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Wills Are An Important Document In Your Estate Planning

Wills Are An Important Document In Your Estate Planning

Your Will is the final document giving instructions as to who will receive what from your estate after your death. A carefully prepared Will prevents a lot of family arguments and can eliminate claims against your estate. If you are in a ‘blended family’ it is essential you obtain good advise to ensure that your estate goes to those beneficiaries of your family who are important to you. Wills need to be reviewed during your lifetime, particularly when your situation changes.

Matters for consideration include:

Executors/Trustees. The role of the executor is to administer the estate of the deceased, and when completed will hold the assets on trust for the beneficiaries subject to the terms of the Will.

Funeral/Burial Instructions. Unless stated specifically in your Will, your executors will make the decision regarding your burial/cremation. Consider also organ donation.

Personal chattels. Thought should be given to gifting specific personal items – i.e. jewelry, heirloom items of the family etc.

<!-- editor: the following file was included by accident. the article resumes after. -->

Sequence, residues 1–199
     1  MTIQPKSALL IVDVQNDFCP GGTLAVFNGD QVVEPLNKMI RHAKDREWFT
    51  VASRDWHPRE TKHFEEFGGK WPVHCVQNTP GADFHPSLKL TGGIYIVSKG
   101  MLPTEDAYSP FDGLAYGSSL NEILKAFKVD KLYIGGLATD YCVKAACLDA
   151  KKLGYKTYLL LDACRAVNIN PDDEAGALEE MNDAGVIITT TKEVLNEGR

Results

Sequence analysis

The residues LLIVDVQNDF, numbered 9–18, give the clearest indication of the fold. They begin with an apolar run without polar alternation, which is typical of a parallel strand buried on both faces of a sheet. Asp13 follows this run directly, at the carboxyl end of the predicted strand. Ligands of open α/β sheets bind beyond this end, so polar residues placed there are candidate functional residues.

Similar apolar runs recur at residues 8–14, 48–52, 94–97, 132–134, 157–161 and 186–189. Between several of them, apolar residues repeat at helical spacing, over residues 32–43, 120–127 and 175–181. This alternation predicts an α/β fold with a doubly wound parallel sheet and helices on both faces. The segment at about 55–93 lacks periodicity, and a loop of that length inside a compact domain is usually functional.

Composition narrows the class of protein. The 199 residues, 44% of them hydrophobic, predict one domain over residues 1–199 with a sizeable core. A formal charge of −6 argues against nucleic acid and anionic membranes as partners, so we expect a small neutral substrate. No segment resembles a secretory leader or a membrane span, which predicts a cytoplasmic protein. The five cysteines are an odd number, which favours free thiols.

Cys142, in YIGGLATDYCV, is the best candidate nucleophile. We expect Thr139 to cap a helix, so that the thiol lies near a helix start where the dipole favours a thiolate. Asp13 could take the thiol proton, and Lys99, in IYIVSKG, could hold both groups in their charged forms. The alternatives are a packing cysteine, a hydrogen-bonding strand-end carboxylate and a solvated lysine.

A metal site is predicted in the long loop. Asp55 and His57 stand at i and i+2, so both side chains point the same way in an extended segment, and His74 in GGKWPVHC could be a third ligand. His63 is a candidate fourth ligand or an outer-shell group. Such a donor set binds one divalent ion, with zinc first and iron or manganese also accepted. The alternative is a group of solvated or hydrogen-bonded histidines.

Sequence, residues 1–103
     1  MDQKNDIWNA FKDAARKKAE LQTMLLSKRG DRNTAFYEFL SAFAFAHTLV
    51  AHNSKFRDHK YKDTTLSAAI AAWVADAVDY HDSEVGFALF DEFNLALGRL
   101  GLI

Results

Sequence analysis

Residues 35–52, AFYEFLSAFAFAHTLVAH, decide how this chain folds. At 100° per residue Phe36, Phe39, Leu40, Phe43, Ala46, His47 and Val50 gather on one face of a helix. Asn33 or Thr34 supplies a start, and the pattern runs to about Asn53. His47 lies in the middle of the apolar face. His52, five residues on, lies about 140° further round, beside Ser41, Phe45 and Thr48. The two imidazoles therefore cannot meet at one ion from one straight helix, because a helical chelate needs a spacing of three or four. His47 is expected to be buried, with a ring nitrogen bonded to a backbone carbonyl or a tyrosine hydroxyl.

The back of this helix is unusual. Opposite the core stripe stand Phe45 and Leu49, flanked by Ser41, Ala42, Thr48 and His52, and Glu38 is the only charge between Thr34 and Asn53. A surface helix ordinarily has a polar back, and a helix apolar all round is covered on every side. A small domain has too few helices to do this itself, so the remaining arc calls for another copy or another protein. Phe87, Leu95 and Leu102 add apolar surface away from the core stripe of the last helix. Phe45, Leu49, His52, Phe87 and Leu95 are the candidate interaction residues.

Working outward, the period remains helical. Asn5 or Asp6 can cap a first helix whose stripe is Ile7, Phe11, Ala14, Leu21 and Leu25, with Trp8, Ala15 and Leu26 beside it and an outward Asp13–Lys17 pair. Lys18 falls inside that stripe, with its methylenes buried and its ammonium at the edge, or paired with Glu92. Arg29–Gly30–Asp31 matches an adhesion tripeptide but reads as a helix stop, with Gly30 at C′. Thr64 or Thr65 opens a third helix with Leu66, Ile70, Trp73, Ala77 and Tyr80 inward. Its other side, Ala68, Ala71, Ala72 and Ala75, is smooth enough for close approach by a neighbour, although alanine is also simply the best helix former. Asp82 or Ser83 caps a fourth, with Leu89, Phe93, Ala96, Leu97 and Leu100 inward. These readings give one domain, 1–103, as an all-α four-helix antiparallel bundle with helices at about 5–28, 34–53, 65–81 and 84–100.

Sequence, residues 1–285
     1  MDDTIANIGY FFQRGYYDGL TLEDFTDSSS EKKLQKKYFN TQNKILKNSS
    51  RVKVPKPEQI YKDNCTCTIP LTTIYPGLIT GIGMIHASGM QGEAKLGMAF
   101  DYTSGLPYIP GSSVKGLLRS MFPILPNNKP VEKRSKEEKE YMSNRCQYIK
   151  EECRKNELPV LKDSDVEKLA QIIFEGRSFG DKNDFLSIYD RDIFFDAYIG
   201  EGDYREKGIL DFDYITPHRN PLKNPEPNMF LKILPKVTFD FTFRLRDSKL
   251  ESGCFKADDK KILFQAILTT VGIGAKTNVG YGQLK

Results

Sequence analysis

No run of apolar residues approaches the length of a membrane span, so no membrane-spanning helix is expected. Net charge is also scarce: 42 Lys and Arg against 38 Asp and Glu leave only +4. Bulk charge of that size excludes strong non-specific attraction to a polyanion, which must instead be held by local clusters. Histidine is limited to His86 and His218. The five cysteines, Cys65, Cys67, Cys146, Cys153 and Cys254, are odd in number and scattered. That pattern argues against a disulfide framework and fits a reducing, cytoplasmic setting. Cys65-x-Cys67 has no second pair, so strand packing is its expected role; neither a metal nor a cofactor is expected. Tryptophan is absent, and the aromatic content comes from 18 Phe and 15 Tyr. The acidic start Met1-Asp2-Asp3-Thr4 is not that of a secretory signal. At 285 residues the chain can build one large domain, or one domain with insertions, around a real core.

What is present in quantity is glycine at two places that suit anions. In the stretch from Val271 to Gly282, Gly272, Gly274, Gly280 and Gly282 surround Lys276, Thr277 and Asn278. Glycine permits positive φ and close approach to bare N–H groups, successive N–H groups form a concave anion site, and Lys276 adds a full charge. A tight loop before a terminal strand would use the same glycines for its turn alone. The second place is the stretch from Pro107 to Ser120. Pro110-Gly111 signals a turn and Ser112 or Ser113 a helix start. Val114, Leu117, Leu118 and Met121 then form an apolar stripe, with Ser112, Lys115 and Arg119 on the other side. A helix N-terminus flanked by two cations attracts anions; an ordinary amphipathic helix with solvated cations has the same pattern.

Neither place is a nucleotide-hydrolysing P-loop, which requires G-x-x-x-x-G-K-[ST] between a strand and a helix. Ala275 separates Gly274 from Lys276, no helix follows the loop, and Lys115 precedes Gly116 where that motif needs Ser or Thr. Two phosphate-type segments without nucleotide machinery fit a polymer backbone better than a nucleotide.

Appointment of guardian. Important if you have children under 18 years old.

Assets and Liabilities. A full list of all your assets and liabilities with approximate values should be prepared.
Assets owned personally, jointly with a spouse/partner, by a company of whom you are a shareholder, as a beneficiary of a Trust or private superannuation fund etc. Liabilities include mortgages on properties, debt owing to friends/family etc.

Specific gifts or legacies. These bequests take precedence over distribution of the remainder of your estate, so ensure you have enough to pay all gifts/legacies if you want the remainder to go to other beneficiaries. If a beneficiary has died before you, what is to happen to their bequest/legacy/share of your estate. Make provision for a substitute beneficiary.

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